Jones adds that having Deep Center take part in Red Clay also meant a lot to the dozens of teachers from across Georgia who also attended the intensive program. The program's small groups and discussions are as much about brainstorming new instruction methods and techniques as they are about exploring different ways to write.
"Deep Center has such an amazing reputation, and people listened to them," she says. "Having them in the same room with public school teachers or private school teachers opens up a traditional teacher's mind to what you could do."
And that's important because Deep Center's techniques can not only be applied to any traditional classroom, but these techniques can be a game-changer for kids who might not otherwise feel a part of the lesson.
The result could be not only a lesson for the students, but for the teachers, too.
"If they have lived experiences and they understand the world in particular ways that are unique to them because of where they live, we need to value those stories and use those stories to expand what is valid and powerful and celebrate it," says Jones.
Deep Center's techniques involve creating a safe space for the students and turning the curriculum upside-down to make students the center of the discussion, rather than have the teacher do most of the talking. Also, inspired by discussions at Red Clay, lessons are centered around a "mentor text," or an example of writing that sparks a discussion.
Block by Block takes this one step further by challenging the students to document people and places in their community. The program recently wrapped up its first full year, and plans a block party to celebrate. The West Side Block Party is planned for 3-7 p.m. Sept. 18 on Wayne Street in Savannah and features dramatic readings by the writers in the program as well as public art installations, music and food trucks.
"In this process, the point is to remind our students their stories matter—which is really important, because a lot of times our kids don't see representation of their stories on TV or in what they read at school," says Miller. "Second, we remind them that they are enough. This is a very powerful thing because for some of our students in school or at home, they are being talked at. So we're always asking, 'What do you think?' How do you feel about that?'"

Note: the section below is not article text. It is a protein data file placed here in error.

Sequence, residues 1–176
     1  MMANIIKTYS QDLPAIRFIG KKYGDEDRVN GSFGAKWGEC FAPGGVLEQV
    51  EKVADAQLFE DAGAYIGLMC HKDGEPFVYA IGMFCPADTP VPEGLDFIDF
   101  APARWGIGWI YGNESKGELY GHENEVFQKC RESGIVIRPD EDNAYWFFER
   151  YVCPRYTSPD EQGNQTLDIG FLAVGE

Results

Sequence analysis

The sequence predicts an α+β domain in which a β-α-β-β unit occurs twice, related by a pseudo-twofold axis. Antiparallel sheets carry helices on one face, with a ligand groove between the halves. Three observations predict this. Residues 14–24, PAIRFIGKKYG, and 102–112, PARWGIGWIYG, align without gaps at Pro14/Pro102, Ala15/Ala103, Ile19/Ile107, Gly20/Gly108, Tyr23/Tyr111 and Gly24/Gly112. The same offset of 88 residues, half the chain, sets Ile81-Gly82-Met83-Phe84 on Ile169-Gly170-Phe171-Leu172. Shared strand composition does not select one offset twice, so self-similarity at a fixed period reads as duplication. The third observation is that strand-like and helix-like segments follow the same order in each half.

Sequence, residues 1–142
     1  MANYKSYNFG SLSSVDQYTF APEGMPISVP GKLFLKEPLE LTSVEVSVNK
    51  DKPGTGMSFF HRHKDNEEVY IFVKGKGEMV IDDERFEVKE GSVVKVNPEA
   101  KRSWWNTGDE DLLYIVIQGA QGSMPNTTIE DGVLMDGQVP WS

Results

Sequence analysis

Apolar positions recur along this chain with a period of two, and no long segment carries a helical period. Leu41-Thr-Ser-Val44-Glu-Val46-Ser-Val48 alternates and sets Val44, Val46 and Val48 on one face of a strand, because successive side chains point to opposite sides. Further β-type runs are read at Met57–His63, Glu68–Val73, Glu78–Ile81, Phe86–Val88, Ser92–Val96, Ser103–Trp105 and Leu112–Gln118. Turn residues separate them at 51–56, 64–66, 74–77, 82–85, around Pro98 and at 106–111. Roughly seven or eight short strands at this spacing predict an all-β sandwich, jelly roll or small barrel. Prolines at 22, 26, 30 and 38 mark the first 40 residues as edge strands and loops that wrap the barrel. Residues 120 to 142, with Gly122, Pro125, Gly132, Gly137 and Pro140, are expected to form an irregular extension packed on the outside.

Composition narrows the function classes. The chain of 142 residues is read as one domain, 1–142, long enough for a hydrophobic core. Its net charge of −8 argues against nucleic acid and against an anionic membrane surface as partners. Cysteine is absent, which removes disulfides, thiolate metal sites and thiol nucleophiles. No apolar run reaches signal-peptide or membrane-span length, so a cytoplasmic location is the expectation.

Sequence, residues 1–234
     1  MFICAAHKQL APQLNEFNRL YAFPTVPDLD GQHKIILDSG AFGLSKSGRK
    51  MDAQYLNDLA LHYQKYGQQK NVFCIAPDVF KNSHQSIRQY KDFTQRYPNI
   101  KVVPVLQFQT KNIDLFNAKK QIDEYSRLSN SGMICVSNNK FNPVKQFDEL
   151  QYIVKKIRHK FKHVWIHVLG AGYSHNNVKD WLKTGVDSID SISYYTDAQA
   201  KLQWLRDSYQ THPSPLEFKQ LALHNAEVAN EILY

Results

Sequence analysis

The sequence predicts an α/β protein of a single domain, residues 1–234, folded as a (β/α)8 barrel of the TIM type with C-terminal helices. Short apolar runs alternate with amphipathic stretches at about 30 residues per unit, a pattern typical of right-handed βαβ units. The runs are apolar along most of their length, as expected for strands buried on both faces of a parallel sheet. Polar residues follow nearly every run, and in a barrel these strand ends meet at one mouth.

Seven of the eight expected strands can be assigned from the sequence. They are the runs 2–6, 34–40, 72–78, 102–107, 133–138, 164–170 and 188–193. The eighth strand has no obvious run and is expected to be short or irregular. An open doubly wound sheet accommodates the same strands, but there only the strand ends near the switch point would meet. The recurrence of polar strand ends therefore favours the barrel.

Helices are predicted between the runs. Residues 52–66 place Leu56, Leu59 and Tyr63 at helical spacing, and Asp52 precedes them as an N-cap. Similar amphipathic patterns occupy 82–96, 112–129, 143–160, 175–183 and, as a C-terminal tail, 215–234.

And while the students' success is evident in their stories, Deep Center sees improvement in students' schoolwork as well.
"We have found that on average all of our students receive at least a half of a letter grade increase as a result of being in Deep," adds Miller, noting the nonprofit tracks student improvement using national standards-based assessments as well, often seeing double-digit improvements in scores by the end of the year.
Add to that the experience of public speaking, discussions about creating change in their neighborhoods and creating a deep understanding of their community, Deep Center students are showing how successful this kind of instruction can be.
"Most people think of literacy as, 'Can students read?' says Miller. "We see critical literacy as not only how students read, but how they see the world around them. How they connect their personal narrative to the social narrative. They are going through this powerful thing that's connected to the world around them."